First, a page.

By May 1963, the boycott had accomplished a great deal of community organization in its own right and was directly morphing into the broader and extremely activist Jackson Movement — with a number of specific civil rights goals. As this developed, official and vigilante repression was brutal, often bloody. The Jackson Movement featured a myriad of dramatic events, some of high drama and others quietly so. The Woolworth Sit-In occurred on the first day of the large scale nonviolent action phase of our Movement.

In the thoroughly poisoned atmosphere of Mississippi of that time, as in all of the many hardcore areas in the South when it came to civil rights matters, anyone who played an activist support role of any kind on behalf of the Jackson Movement, or civil rights in general, displayed great courage.

The Woolworth Sit-In, inspired by the fast emerging Jackson Movement, and in turn — as did other subsequent events in the days ahead — intensively fueling the Movement itself, began in conjunction with picketing demonstrations that we also organized. (I was chair of the Strategy Committee of the now Jackson Movement.) Instant arrests were expected. This happened with the pickets, but not with the sit-in protesters.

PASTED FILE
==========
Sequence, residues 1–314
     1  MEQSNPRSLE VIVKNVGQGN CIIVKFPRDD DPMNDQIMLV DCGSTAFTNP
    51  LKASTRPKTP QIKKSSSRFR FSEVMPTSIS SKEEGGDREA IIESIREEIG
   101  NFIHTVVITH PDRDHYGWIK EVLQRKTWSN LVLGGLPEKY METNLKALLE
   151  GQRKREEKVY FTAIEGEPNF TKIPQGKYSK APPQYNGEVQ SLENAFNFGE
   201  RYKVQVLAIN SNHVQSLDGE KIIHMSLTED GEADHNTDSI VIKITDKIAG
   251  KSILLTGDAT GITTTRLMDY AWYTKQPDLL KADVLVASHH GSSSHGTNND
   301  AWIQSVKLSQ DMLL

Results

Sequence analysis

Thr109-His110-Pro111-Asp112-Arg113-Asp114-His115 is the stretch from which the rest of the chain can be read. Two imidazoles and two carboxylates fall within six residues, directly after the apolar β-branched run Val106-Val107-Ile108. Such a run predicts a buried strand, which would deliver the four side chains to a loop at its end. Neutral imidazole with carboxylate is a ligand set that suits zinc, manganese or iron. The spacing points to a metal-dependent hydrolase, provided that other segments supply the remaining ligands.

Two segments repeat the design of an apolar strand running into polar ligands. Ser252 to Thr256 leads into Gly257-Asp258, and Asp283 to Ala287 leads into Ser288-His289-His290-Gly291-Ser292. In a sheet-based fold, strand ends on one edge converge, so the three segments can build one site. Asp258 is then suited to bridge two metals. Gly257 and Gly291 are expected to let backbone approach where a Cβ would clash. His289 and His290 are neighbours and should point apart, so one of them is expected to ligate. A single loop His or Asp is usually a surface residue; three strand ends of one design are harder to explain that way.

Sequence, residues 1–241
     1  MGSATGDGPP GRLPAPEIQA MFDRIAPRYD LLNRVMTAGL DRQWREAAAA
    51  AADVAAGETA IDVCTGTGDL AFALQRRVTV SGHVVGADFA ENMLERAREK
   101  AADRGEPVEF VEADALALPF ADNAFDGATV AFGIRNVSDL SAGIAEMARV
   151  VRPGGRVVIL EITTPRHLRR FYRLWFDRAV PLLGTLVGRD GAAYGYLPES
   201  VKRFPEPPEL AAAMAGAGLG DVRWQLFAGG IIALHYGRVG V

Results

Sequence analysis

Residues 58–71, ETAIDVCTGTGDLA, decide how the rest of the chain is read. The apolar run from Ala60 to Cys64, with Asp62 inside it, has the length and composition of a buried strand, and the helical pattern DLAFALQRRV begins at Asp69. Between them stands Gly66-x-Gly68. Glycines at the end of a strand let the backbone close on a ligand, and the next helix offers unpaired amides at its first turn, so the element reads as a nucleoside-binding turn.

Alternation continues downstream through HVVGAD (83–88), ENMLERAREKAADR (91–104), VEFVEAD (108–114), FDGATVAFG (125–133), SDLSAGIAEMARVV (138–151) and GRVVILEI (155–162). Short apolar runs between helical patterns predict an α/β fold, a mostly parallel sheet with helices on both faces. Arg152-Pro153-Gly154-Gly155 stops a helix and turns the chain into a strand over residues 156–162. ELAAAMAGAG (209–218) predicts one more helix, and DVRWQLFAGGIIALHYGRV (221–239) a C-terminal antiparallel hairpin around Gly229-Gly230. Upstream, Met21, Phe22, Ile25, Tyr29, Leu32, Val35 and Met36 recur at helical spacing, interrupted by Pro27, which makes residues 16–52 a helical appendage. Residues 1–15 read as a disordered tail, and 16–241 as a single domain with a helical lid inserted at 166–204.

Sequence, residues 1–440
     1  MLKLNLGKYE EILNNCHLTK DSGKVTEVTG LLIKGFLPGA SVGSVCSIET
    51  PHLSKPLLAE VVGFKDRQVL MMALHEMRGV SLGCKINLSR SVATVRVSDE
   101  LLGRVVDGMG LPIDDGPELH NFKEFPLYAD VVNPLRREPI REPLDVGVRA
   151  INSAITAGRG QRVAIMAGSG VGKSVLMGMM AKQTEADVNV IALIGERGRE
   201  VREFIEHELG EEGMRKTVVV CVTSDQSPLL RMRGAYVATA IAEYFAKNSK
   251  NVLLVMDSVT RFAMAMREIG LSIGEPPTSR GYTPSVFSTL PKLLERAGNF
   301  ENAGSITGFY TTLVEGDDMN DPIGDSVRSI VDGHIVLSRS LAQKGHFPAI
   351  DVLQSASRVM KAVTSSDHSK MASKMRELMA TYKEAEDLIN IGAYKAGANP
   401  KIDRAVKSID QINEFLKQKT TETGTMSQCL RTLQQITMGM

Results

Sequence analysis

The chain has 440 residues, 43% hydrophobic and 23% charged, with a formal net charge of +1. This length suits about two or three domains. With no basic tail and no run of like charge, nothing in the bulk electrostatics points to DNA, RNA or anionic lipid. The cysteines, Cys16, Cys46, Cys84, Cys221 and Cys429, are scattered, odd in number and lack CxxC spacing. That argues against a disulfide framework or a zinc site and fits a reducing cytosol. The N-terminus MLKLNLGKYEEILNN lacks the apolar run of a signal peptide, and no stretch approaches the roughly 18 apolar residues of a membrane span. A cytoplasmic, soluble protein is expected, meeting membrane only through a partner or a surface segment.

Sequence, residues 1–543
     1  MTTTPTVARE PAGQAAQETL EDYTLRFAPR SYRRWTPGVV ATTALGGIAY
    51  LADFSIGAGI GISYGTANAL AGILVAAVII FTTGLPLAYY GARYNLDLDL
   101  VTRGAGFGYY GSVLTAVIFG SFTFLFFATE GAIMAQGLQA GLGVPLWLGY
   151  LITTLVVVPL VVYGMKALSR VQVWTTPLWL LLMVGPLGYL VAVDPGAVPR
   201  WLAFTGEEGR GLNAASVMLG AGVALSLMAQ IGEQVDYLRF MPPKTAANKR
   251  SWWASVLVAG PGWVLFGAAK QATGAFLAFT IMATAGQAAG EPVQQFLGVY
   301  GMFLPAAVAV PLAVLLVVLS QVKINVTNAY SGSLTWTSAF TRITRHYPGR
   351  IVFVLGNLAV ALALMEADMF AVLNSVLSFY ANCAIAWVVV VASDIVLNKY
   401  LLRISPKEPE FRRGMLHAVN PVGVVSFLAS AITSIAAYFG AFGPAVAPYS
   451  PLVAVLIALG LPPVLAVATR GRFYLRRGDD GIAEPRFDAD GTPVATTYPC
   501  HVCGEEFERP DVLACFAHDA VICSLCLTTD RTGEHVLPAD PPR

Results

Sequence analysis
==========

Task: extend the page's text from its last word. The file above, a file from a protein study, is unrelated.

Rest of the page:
Three sit-ins entered the Woolworth store that Tuesday, May 28, 1963 at about 11 am. They were Tougaloo students Anne Moody and Memphis Norman and Pearlena Lewis of the Youth Council. Surprisingly, they were not arrested and, for an hour, nothing much happened at the now shut-down lunch counter. But then nearby white high school students on lunch break began to enter the store with some adults almost immediately thereafter. Things became almost instantly ugly.

One of our downtown spotters called us, in the "Negro" Masonic Temple where myself and Medgar Evers and a few others were in the NAACP offices. Large numbers of white students and a growing number of white adults were now entering the store. Memphis Norman was struck, knocked off his stool, and brutally kicked into unconsciousness. He was arrested, along with his adult assailant, by the police. Those were the only police arrest actions at the store. They just stood by outside. Later, FBI agents were observing inside but took no action.